He would become one of the youngest winners of the Champion Hunter Chase in a feat that has still yet to be repeated, On The Fringe’s success in the 2010 Punchestown feature at the age of just five, came less than a month after he had opened his account at Lisronagh.
That opening victory on March 28 2010, and his subsequent Punchestown success, is the spotlight for our P2P Rewind feature.
The son of Exit To Knowhere had not been cheaply bought, as John O’Byrne had acquired him for €47,000 as a foal at the Tattersalls Ireland November National Hunt Sale
in 2005, four years prior to his competitive bow for Enda Bolger, in a four-year-old geldings’ maiden at Dromahane in December 2009, when finishing a very creditable third.
This opening season would see him rapidly rise through the ranks, as he entered the five-year-old geldings' maiden
at Lisronagh, the third run of his life, having finished fourth to the subsequent dual Grade 1 winner, Last Instalment, at Lemonfield in early March of 2010.
Having been a beaten favourite on that occasion at Lemonfield, he was sent off as an easy-to-back second favorite at the Tipperary venue, where it once again looked like it would be a Gigginstown House Stud-owned runner, who would provide his biggest challenge, with the Pat Doyle-handled Don’t Care For It, jumping off at the top of the market in the 17-runner race.
With Nina Carberry taking the mount aboard him for the first time, the pair raced up with the pace throughout, but once she brought him to the front with half-a-mile to race, he was able to pull clear once the challenging Whatnow Whatnext came a cropper at the fourth-last fence, spacing out the runners in behind.
Foot-perfect fencing, something that came to be a mark of his track career, was already evident, with the commentator on the day, none other than the now leading Bloodstock Agent Tom Malone, describing: “as he opens his account with a big jump at the last.”
That saw him pull 15 lengths clear for that initial success, with Who Broke Me, and the late Jack Tyner chasing him home in second, and Ballyvoneen and Roger Quinlan back in third.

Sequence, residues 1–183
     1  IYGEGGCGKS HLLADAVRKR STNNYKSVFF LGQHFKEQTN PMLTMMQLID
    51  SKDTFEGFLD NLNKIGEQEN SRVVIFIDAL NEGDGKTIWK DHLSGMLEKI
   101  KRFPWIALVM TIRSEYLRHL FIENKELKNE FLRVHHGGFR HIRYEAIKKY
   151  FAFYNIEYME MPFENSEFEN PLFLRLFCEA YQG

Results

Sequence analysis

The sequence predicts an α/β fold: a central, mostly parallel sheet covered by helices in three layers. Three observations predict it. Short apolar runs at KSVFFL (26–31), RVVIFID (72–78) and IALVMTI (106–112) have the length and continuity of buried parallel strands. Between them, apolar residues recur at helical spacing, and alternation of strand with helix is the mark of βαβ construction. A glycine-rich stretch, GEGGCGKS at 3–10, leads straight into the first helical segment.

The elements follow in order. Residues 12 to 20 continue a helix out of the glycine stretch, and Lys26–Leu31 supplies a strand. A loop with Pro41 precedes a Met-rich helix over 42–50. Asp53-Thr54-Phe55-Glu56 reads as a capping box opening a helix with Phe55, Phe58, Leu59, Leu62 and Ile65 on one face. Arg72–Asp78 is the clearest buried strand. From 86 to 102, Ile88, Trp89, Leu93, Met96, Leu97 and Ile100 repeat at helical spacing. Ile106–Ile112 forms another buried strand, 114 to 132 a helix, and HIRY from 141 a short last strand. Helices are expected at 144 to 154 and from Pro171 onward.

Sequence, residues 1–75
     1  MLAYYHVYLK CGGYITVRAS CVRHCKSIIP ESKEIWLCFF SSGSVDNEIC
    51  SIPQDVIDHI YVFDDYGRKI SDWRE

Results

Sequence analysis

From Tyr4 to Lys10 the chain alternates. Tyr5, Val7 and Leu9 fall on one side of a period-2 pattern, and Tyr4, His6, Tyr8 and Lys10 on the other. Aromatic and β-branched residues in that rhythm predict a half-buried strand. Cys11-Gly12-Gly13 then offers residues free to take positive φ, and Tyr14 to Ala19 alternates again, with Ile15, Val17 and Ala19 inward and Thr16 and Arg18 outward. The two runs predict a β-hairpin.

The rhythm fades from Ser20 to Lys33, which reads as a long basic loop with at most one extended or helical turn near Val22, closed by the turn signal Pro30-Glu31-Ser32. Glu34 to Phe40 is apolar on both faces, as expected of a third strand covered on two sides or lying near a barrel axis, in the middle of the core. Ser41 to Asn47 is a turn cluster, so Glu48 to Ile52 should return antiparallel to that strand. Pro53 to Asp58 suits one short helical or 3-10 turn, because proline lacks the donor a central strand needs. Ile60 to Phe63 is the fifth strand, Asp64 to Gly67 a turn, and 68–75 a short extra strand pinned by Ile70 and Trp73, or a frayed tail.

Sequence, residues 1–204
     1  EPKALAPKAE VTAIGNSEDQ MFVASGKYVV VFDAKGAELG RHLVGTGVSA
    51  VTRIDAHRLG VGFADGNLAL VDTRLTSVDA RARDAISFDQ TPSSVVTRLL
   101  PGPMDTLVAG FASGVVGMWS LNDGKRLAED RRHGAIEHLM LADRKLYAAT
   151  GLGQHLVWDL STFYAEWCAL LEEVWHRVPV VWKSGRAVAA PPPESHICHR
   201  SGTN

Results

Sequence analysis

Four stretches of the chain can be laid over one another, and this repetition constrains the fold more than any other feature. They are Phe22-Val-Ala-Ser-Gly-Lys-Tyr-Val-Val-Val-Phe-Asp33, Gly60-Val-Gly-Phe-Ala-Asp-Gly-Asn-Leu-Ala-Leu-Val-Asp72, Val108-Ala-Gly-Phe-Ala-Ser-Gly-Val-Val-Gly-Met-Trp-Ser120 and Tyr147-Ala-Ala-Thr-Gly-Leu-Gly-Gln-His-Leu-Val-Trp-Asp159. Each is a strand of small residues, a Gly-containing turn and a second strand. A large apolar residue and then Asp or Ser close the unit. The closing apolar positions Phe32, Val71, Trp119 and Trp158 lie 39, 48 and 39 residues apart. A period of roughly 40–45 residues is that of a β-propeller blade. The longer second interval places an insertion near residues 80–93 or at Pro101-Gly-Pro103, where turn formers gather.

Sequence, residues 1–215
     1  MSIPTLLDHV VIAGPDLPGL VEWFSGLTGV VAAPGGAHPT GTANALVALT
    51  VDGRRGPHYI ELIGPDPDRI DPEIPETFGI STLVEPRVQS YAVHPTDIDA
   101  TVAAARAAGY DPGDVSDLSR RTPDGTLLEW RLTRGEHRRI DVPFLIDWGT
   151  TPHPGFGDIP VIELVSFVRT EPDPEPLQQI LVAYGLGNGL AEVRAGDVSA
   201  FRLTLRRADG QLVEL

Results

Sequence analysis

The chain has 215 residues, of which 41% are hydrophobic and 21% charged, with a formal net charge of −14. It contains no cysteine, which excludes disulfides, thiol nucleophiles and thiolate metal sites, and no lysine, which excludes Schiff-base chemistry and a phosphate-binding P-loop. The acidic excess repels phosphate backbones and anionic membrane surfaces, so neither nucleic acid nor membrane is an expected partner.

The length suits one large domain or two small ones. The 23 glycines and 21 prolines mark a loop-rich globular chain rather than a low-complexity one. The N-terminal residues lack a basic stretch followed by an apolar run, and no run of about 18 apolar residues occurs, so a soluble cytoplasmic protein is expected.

That season’s Hunter Chase division had largely been centred around Kilty Storm, after the connections of Down Royal winner, Agus A Vic, elected to take their chance in the Irish National, where he put up a big effort in finishing fifth to Bluesea Cracker.
Kilty Storm, who had claimed that year’s Raymond Smith Memorial at Leopardstown, only found Nigel Twiston Davies’ Baby Run too good when finishing second in the Cheltenham Foxhunters.
With Baby Run, who had won the Punchestown race 12 months earlier, not electing to defend his 2009 Punchestown title, after parting company with Sam Twiston Davies in the Aintree equivalent, the race had been perfectly set up for Kilty Storm.
That experience from Lisronagh in a big field certainly stood to On The Fringe, as he was one of 25 horses to feature in the 3m 1f race, and could well have had his race brought to a premature ending, when he was hampered in the first fence melee, which saw Huncheon Wells, Lasquini Du Moulin and Hi Cloy all departing.
In his customary style, John Thomas McNamara steadily regained the lost ground in what proved to a very strongly run contest, thanks to the efforts of the favourite and Rapid Artist.
Swinging in, McNamara had positioned On The Fringe in fourth, and always travelling best of the protagonists, he ultimately went on to win by a length and three quarters over Kilty Storm, with Good Egg back in third.
“They just went so fast but John Thomas used his head," said Bolger following the success.
"He won his point to point at Lisronagh three weeks ago, Nina rode him and thought he was brilliant."
"We decided to give him his chance with more experienced horses today but we never thought he'd win, we'd have been delighted if he finished in the first five or six."
The prospect of a five-year-old winning the Champion Hunter Chase now may seem unfathomable, with the Hunter Chase scene so often associated with veteran horses, but his success came at a time when many younger horses came to the fore in the big Punchestown prize.
In the 11 years preceding On The Fringe’s initial success, the Champion Hunter Chase was won on five occasions by horses aged just seven, kickstarted in 1999 by Castle Mane.
He was followed by What Odds (2003), Just Cassandra (2004), General Montcalm (2005) and Agus A Vic (2008).
That Punchestown success at five catapulted On The Fringe onto the Hunter Chase scene in no uncertain terms and began a golden spell for Irish Hunter Chasers which saw him feature alongside the likes of Salsify and Tammys Hill in achieving Cheltenham Festival success.
Keep an eye out on P2P.ie, as in the coming weeks we will look back on that era and celebrate their successes.